A further object of the present invention is' to provide a laparotomy sheet which is simple in construction, effective for its purposes and relatively inexpensive to manufacture.
These together with other objects and advantages which will become subsequently apparent reside in the details of construction and operation as more fully hereinafter'described and claimed, reference bein'g had to the accompanying drawings forming a part thereof, wherein like numerals refer to like parts throughout, and in which:
FIG. I is a top plan view of the laparotomy sheet of the present invention; I
FIG. 2 is a detailed sectional view taken substantially upon a plane passing along section line 2-2 of FIG. 1 illustrating the structure of the sheet and the absorbent pads thereon; and
FIG. 3 is a sectionalview extending from edge to edge of the sheet illustrating a modified embodiment of the invention in which the absorbent pad is continuous throughout the length and width of the strip except in that area adjacent the fenestration.
Referring now specifically to the drawings, the laparotomy sheet of the present invention is generally designated by the numeral 10 and in plan view is substantially rectangular in configuration. While not limited to any particular dimensions, it has been found that dimensions of approximately 87 inches in width and 120 inches in length perform satisfactorily. The sheet 10 includes two panels 12 and 14 of similar shape and configuration with one panel .being about 6 inches shorter than the other and both panels being constructed of a nonwoven paper. Disposed between arid interconnecting the edges of the paper panels 12 and I4 is a plastic panel or strip 16 which extends between the side edges of the sheet an is coextensive in length to the width of the sheet 10 as illustrated in FIG. I. The edges of the panels 12 and I4 overlap the edges of the plastic strip 16 as illustrated in FIG. 2 and are secured thereto by a suitable adhesive bonding material as at 18. If desired, the edges of the panels 12 and I4 could be disposed in alignment with the edges of the strip 16 with the edges thus being interconnected by a suitable bonding adhesive tape, heat sealing, ultrasonic sealing or the like. Whether the edges overlap as in FIG. 2 or the tape is employed overlapping both adjacent edges, the major portion of the width of the plastic strip 16 is free of paper and while the width of the plastic strip 16 may vary, it has been found that astrip I6 inches in width performs effectively.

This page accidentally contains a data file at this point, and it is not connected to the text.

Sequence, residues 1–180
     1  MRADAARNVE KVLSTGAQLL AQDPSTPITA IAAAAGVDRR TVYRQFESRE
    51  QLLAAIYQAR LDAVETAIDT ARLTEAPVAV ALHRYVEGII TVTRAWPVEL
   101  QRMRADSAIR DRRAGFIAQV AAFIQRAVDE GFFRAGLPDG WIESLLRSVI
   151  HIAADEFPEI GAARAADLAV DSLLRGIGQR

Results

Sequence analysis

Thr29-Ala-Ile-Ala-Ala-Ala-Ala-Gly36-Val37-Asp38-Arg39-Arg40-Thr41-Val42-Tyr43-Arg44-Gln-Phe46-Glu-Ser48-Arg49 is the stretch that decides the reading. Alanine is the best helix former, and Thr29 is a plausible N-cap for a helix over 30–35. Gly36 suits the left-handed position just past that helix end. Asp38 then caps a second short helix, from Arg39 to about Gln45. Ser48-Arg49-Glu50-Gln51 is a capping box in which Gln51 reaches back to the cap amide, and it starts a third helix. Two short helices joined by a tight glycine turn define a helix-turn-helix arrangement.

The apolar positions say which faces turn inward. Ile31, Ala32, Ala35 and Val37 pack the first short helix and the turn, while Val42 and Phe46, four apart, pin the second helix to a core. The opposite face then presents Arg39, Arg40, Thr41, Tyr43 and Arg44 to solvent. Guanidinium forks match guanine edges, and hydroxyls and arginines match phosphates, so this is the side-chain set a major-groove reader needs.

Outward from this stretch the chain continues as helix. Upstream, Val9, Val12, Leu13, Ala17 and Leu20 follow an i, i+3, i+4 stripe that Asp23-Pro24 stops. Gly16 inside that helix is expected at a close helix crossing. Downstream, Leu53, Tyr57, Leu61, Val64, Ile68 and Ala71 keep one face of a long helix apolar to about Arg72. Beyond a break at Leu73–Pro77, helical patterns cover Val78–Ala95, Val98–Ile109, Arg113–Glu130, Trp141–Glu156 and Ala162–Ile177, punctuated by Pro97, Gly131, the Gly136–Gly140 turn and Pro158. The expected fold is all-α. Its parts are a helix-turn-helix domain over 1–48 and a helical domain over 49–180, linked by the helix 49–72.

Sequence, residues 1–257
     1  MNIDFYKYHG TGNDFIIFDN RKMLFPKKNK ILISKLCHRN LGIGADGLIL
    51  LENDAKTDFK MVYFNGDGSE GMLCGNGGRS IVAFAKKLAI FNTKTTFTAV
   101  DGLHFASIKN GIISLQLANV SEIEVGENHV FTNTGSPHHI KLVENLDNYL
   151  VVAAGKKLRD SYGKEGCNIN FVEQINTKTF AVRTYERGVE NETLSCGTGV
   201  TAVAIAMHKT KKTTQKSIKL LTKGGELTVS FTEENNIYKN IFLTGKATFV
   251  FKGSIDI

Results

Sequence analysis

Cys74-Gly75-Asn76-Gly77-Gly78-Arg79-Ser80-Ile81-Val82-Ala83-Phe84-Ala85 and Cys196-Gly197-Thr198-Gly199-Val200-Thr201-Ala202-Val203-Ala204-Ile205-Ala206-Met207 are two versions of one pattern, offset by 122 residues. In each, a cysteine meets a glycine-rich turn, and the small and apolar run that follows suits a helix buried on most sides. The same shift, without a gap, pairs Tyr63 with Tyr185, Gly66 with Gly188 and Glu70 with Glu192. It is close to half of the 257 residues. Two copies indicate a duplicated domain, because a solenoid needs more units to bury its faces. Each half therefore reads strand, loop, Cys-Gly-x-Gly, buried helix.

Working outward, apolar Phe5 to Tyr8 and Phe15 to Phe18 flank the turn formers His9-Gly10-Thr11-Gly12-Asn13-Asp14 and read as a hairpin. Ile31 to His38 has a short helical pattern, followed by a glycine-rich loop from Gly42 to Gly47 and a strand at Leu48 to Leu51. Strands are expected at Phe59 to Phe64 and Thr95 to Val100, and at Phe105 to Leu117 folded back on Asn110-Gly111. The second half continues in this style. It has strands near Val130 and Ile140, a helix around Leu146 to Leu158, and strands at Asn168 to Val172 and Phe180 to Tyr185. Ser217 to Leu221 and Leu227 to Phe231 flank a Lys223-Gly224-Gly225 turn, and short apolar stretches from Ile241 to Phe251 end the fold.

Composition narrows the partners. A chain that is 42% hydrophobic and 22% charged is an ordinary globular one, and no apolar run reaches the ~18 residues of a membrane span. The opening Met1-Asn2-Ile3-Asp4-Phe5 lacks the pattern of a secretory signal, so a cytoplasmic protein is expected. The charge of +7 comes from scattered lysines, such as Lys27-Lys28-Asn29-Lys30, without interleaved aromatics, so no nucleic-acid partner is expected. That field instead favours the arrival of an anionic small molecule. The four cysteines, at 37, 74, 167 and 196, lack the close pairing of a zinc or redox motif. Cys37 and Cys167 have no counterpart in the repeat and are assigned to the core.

Centrally disposed within the plastic strip or insert 16 is an opening or fenestration 20 which is also rectangular in configuration with the long dimension thereof paralleling the long side edge of the sheet). The opening 20 is centrally disposed between the side edges of the plastic strip I6 and also centrally disposed between the end edges thereof as illustrated in FIG. I. While the dimensions of the opening 20 may also vary, it
has been found that an opening 2 to 4 inches in length and approximately 12 inches long enables operative procedures to be properly conducted through the opening.-
FIGS. 1 and 2 illustrate a pair of rectangular absorbent pads 22 of nonwovcn material which'has been specially treated for high moisture resistance laminated tothe plastic strip I6 with the edges of the pads 22 extending beyond the edges of the plastic strip 16 as illustrated in FIG. '2. The pad 22 is of absorbent material and is laminated .to the surface of the plastic strip and the adjacent portions of the side panels I2 and 14 by gluing, taping, heat sealing or by any othermeans. The pads serve as an absorbent material on the upper surface of the static free plastic material which will absorb any liquids engaging the upper surface of the plastic strip thus preventing such liquids from rolling off or flowing down along the surface of the plastic strip onto the floor, surgeon's clothing, feet or the like.